Frankie Edgar (top) | Sherdog.com
Rare is it when a champion goes into a title defense as an underdog, but UFC lightweight boss Frankie Edgar is used to defying the odds. Facing Gray Maynard at UFC 125 “Resolution” on Saturday at the MGM Grand Garden Arena in Las Vegas, the bookmakers have made the New Jersey scrapper an 8-5 underdog against the man who beat him two years ago.
Edgar -- whose UFC debut was a thrilling decision win over Tyson Griffin -- was not supposed to beat B.J. Penn, either, much less twice in a row, but he did. Now, he finds himself atop a lightweight division that is a veritable dog pile of talent. With Maynard coming to knock him off, WEC champion Anthony Pettis waits in the wings for the winner.
It seems fitting that lightweights, once a forgotten weight class in stateside MMA, headline a show that does not feature a heavyweight match. Heavyweights provide mainstream allure as main card matches and likely highlight fodder when staged on the prelims. How quickly the world changes, and Edgar knows it as well as anyone. For him to continue his string of impressive and inspiring wins, he will have to present a better version than the one Maynard schooled in their first match.
UFC Lightweight Championship
Frankie Edgar vs. Gray Maynard
The Matchup: If their first bout and track records are any indication, this one probably goes the distance. That’s because neither man has built a reputation as a finisher -- and deservedly so. With 23 wins between them, and 16 of those by decision, whoever emerges as UFC lightweight champion will probably suffer from a lot more criticism than even George St. Pierre deals with these days. That said, with a five-round bout on tap that is almost certain to go deep, strategy and round-winning tactics are at a premium here.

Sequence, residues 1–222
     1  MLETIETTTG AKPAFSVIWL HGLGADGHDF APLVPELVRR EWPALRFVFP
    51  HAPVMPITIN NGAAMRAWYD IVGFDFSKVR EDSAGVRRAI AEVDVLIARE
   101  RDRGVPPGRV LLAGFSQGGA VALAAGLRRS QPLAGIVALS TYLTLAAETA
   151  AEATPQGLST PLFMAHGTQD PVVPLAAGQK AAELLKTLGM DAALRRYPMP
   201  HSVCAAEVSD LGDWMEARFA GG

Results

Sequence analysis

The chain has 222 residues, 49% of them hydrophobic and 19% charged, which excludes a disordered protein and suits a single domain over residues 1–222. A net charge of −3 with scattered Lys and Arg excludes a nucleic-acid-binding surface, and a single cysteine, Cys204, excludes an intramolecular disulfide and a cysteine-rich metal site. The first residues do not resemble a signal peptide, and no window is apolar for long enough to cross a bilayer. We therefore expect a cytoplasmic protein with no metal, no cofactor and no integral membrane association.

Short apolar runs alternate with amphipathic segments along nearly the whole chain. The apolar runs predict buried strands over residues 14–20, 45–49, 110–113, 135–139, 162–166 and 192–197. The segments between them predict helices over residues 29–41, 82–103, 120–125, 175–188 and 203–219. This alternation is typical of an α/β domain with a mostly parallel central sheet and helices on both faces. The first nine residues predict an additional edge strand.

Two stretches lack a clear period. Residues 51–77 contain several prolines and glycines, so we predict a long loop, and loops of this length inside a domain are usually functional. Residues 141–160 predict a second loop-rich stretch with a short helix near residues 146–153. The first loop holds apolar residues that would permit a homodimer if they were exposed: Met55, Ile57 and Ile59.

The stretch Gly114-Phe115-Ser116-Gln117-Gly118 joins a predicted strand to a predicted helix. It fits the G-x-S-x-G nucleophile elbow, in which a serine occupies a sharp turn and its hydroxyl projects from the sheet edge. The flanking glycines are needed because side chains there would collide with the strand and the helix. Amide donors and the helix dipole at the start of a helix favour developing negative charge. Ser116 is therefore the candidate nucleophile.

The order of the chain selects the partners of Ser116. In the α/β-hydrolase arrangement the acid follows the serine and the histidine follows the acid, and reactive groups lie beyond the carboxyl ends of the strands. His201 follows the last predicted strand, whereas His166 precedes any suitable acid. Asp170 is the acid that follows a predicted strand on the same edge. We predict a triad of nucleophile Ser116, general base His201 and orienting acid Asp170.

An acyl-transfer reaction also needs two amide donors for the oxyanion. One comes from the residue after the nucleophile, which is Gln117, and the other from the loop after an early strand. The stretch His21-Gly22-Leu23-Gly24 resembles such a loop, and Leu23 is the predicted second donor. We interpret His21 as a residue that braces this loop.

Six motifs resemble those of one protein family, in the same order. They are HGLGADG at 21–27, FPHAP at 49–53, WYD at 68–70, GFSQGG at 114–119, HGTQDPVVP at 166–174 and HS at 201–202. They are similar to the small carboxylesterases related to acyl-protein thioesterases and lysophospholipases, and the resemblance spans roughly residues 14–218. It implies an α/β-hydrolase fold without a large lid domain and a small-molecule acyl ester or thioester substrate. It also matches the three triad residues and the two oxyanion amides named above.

In their April 2008 match, Maynard was simply too big and strong, using that to pull down Edgar into his game. While Edgar is exciting to watch even when he is not stopping people, Maynard relies on a reductive style that sucks people into the kind of fight he likes.
Maynard has proven too good a wrestler for almost any lightweight to have a realistic chance of taking and keeping him down, and he has adapted his stand-up to play to those strengths, firing off right hands, moving his head to avoid blows and rarely throwing kicks. He keeps his feet in proper position should wrestling opportunities develop but, at times, seems too willing to stand. Against Roger Huerta, he nearly frittered away the match until coming to his senses and taking down Huerta in the third, dominating the round and sealing the decision.
For Edgar to win, he has to bring exceptional speed and striking decisions into the equation. In his two wins over Penn, you could never guess what he was going to do next, which is why he was able to win. To achieve victory here, Edgar will have to outwork Maynard, knowing full well he is going to have to go five rounds to do it. It is critical that he score an equal amount of takedowns to get the decision and not get stuck in defensive positions.
Maynard must have been tickled pink when Edgar won the rematch against Penn. An on-point Penn seems the perfect guy to beat Maynard, but Edgar appears to play right into his hands.
Maynard should concentrate on clinching whenever possible and countering Edgar when the champion flits in and out. Instead of battling to take the spry Edgar to the floor -- he is incredibly hard to keep there -- Maynard should just push him against the fence early on, dirty box, rinse and repeat. It is a very tiring kind of match to fight, especially for the guy getting shoved against the fence, and Edgar is not going to win this one if he lacks the room necessary to apply his superior speed.
If and when Maynard does take down the champion and establish a base of operations there, there is nothing wrong with hitting a guy 20 times in a row in the ribs while he works to get out from under you. It may not be pretty or rousing but, then again, neither was college football in the 1960s, when Ohio State was running the ball 60 times a game. Whatever wins.
This bout will probably spark some strong discussions about how MMA should be scored, as Edgar has improved enough to be more effective standing than in the first fight; Maynard has five rounds to impose his superior wrestling and size.
The Pick: Whether fast, glancing combinations count more than a takedown and ho-hum ground work from the top remains a matter of opinion, but that is where I see Maynard driving this one. He just seems to be a bad style matchup for the champion. Maynard by unanimous decision.
Continue Reading » Page Two: Leben vs. Stann